Essentially, the FIGURE 2 embodiment differs from that of FIGURE 1 in that the Henkel process reactor 11 effluent is contacted directly with an acetic acid solution, preferably employing substantially stoichiometrically amounts (plus or minus about -20 percent) without first taking up the reaction product in water. Since it is unnecessary to provide a separate water stream, water and/or acetic acid taken overhead from optional evaporator 51, evaporator 18, and drier 19 may be combined directly in line 41 and recycled to springing tank 13. No acetic acid concentration need be employed.
In both embodiments the chemical reactions are the same. Acetic acid reacts with dipotassium terephthalate to spring the trephthalic acid and form an aqueous potassium acetate solution. This solution is thereafter reacted with a precursor such as benzoic acid to form an equilibrium solution or suspension of benzoic acid, acetic acid, potassium benzoate, and potassium acetate, and thereafter the equilibrium is disrupted when the volatile acetic acid is distilled from the remaining potassium benzoate. This latter material may then be dried further and is charged to the Henkel process reactor.
Physically, there are certain distinctions between the two processes. Because it is desirable to maintain the solution in springing tank 13 substantially neutral (pH about 6-8) it is possible to use only the substantially stoichiometric quantity of acetic acid. As a consequence, some dipotassium terephthalate remains in solution and is cycled back to the recator 11 along with freshly prepared potassium benzcate charge stock.
Referring spectifically to FIGURE 2, Henkel process reactor 11 is discharged via line 23 into springing tank 13, where the reaction mixture is combined with aqueous acetic acid from line 41. Acid concentration is advantageously within the range of about 120 volume percent, and contact temperatures are advantageously 60-100" C.
The resultant mixture, which comprises a slurry of terephthalic acid and an aqueous solution of predominantly potassium acetate with some unconverted dipotassium terephthalate, is passed via line 31 to the centrifugal separator 14 for physical separation of terephthalic acid crystals (via line 32) from the mother liquor. As de scribed in conjunction with FIGURE 1, these wet terephthalic crystals may be washed with dilute acetic acid and/ or water for additional solution recovery and terephthalic acid product purification.
An additional feature of the FIGURE 2 embodiment is that it is unnecessary to provide separate catalyst recovery and recycle facilities. The catalyst dissolves in the dilute acetic acid solution of springing tank 13 and passes along with the balance of the solution through centrifuge 14 and ultimately is cycled via line 21 to the reactor.
Inasmuch as there is no need to provide a pure water stream, it is also possible with this embodiment to materialiy reduce the size of evaporator 18 and drier 19 by providing an optional evaporator 51 downstream of centrifugal separator 1 This removes much of the excess water along with some of the acetic acid, and permits the vaporized material to be transmitted to line 41 (preferably after cooling and condensation) via line 52.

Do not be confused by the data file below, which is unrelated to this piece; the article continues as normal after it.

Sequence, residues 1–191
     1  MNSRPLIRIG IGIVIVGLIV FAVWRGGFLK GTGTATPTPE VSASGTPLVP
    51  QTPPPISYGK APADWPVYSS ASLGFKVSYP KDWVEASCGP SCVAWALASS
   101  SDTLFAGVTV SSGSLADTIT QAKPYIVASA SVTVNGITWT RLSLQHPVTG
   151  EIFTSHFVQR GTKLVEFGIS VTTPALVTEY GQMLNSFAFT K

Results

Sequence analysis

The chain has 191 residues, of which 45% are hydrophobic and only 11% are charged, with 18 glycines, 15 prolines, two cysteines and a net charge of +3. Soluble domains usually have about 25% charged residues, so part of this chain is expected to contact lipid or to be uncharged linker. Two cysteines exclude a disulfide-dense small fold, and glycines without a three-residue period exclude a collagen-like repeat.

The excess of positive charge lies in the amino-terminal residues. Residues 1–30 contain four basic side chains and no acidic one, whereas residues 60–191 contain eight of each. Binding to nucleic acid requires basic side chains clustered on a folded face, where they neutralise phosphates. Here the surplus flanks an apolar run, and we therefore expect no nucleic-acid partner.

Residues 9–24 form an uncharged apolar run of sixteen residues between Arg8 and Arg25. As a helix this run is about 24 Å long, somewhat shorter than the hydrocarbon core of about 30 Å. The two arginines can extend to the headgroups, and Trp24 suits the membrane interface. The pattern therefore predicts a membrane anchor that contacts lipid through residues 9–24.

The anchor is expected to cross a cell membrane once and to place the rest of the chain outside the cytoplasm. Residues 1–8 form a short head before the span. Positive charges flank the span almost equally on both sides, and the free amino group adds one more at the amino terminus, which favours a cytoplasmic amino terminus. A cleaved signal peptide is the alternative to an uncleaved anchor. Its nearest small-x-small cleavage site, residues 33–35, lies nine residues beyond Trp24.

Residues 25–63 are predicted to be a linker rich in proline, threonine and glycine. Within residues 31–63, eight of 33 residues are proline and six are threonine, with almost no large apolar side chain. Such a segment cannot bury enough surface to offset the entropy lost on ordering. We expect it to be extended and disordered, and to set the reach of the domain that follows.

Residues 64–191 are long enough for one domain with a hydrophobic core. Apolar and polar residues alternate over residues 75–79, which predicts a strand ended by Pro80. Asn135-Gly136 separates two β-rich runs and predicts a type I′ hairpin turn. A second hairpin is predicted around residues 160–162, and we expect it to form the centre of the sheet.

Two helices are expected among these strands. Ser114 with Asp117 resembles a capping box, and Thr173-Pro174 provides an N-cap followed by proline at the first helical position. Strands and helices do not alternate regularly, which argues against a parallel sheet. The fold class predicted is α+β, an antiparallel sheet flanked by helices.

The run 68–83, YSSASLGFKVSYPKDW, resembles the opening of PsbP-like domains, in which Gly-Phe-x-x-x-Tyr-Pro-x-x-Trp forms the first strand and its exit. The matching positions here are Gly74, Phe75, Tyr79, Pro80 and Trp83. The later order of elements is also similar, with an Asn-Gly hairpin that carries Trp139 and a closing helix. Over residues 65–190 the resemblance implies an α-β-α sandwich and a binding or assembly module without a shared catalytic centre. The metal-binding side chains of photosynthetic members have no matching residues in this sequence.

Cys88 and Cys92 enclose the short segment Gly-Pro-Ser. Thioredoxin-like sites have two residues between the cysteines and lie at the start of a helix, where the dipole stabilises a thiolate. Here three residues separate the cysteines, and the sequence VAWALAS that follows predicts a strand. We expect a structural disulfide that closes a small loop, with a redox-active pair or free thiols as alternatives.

The effluent from evaporator 51 is conducted via line 53 to dissolving tank 17 where it is contacted with benzoic acid (or other acid precursor) obtained from storage 16 and admitted to dissolving tank 17 via line 34. As a consequence, an equilibrium solution or slurry is set up, with a chemical equilibrium existing between benzoic acid, acetic acid, potassium benzoate, potassium acetate, and dipotassium terephthalate. This equilibrium is disrupted when the efiluent from dissolving tank 17 is transferred via line 36 to evaporator 13, where volatile acetic acid is taken overhead along with water.
In further contrast to the system of FIGURE 1, the process depicted in FIGURE 2 enables column 37 (FIG- URE 1) to be eliminated. Instead, acetic acid and water removed from evaporator 36 may be passed directly to line 41, with of course condensation means being provided. The discharged material from evaporator 18 is passed via line 42 to drier 19, which functions in a man ner analogous to that of drier 19 in FIGURE 1.
Drier 19 dries the mixture of potassium benzoate and recycled dipotassium terephthalate to an extent which is suitable for recycle via line 21 to Henkel process reactor 11. Thus the process is made entire cyclic, and there is no reagent wastage. Consequently, only small amounts, if any, of make-up potassium (e.g. KOH) and acetic acid need be added to the system.
It is apparent therefore that the FIGURE 2 embodiment enables a commercial plant to be built with even lesser equipment costs than that of a plant constructed according to FIGURE 1. Moreover, because there is no need for separating water from aqueous acetic acid solutions there is a substantially reduced heat load, with attendant economies in utilities cost. Accordingly, it is possible to achieve even further savings by employing a plant built pursuant to FIGURE 2.
The following examples illustrate various embodiments of the inventive process, with particular emphasis on the step of effecting the reaction between the lower fatty acid and dipotassium terephthalate so as to favor the precipitation of high purity terephthalic acid. These examples are intended to be illustrative only and are not to be considered wholly definitive or exclusive with respect to conditions or scope.
7 EXAMPLES 1-6 These six examples illustrate the elfect of acid strength and of the proportion of acid to dipotassium terephthalate. In each instance, a 10 weight percent aqueous dipotassium terephthalate solution is added to an approximately 0.26 normal aqueous solution of the precipitant acid. The following results are obtained.